The 266-page report was marked "highly confidential," and listed the many sites across the country which comprise the civilian nuclear power network — and some weapons testing locations — but not, according to the Times, any sensitive information on military programs or the security systems in place to protect the nuclear sites.
Some nuclear experts commented online that the breach didn't represent any significant threat to security, as most of the information detailed was already available, and none of it was classified.
However, nuclear proliferation expert David Albright told the newspaper the published list could have offered "thieves or terrorists inside information that can help them seize the material, which is why that kind of data is not given out."
John M. Deutch, a former central intelligence director and deputy secretary of defense who now teaches at MIT, seemed less worried in his remarks to The Times, saying "screw-ups" like this happen from time to time.
"It's going further than I would have gone but doesn't look like a serious breach," he told the paper.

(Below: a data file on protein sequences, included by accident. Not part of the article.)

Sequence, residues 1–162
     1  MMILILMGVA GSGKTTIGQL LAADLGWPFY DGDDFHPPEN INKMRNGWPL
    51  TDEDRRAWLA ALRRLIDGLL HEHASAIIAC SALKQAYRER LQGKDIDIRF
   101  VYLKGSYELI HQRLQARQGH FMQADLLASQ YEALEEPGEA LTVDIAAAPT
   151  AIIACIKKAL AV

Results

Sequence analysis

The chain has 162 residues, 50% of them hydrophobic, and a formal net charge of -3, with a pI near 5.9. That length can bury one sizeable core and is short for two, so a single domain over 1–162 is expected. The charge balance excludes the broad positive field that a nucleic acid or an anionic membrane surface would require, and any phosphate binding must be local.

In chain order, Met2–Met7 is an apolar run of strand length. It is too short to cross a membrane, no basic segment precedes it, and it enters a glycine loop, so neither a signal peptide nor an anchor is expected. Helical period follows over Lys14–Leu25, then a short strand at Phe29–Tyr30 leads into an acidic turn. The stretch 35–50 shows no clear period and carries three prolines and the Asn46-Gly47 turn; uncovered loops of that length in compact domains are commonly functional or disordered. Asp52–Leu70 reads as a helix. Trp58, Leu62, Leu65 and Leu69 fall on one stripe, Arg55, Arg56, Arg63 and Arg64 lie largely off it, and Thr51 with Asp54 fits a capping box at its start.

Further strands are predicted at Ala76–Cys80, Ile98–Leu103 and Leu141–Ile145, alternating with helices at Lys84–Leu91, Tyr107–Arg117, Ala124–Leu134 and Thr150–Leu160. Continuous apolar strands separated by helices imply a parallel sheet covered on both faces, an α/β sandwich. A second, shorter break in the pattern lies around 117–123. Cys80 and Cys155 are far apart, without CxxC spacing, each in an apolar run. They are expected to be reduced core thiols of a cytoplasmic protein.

The report was complied on the orders of the Obama administration and was to be handed over to the United Nations' nuclear watchdog later this year — part of an effort by Washington to share more information on atomic energy with the world in hopes that other countries, including Iran, might do the same.
A spokesman for the Government Printing Office, which posted the report on its Web site, told The Times it "produced" the document "under normal operating procedures," but then removed it pending a review.
The blunder, which is now being investigated by multiple parties in Washington, was a bit more generous with government information than President Obama likely had in mind.